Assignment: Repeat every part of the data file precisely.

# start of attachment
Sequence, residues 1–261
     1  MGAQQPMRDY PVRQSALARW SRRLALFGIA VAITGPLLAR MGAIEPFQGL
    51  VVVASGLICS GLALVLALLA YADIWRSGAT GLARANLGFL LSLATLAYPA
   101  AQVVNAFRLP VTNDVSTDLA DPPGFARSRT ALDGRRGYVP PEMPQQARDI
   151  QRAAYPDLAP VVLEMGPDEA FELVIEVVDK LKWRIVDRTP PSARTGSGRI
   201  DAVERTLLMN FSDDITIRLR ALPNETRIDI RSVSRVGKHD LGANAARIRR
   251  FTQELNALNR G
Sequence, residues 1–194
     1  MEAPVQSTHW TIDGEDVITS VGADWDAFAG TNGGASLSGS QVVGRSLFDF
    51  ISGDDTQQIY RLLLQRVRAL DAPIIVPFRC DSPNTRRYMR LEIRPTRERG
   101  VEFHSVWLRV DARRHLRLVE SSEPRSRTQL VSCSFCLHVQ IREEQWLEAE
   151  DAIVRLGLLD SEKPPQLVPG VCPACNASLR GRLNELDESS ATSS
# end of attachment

Sequence, residues 1–261
     1  MGAQQPMRDY PVRQSALARW SRRLALFGIA VAITGPLLAR MGAIEPFQGL
    51  VVVASGLICS GLALVLALLA YADIWRSGAT GLARANLGFL LSLATLAYPA
   101  AQVVNAFRLP VTNDVSTDLA DPPGFARSRT ALDGRRGYVP PEMPQQARDI
   151  QRAAYPDLAP VVLEMGPDEA FELVIEVVDK LKWRIVDRTP PSARTGSGRI
   201  DAVERTLLMN FSDDITIRLR ALPNETRIDI RSVSRVGKHD LGANAARIRR
   251  FTQELNALNR G
Sequence, residues 1–194
     1  MEAPVQSTHW TIDGEDVITS VGADWDAFAG TNGGASLSGS QVVGRSLFDF
    51  ISGDDTQQIY RLLLQRVRAL DAPIIVPFRC DSPNTRRYMR LEIRPTRERG
   101  VEFHSVWLRV DARRHLRLVE SSEPRSRTQL VSCSFCLHVQ IREEQWLEAE
   151  DAIVRLGLLD SEKPPQLVPG VCPACNASLR GRLNELDESS ATSS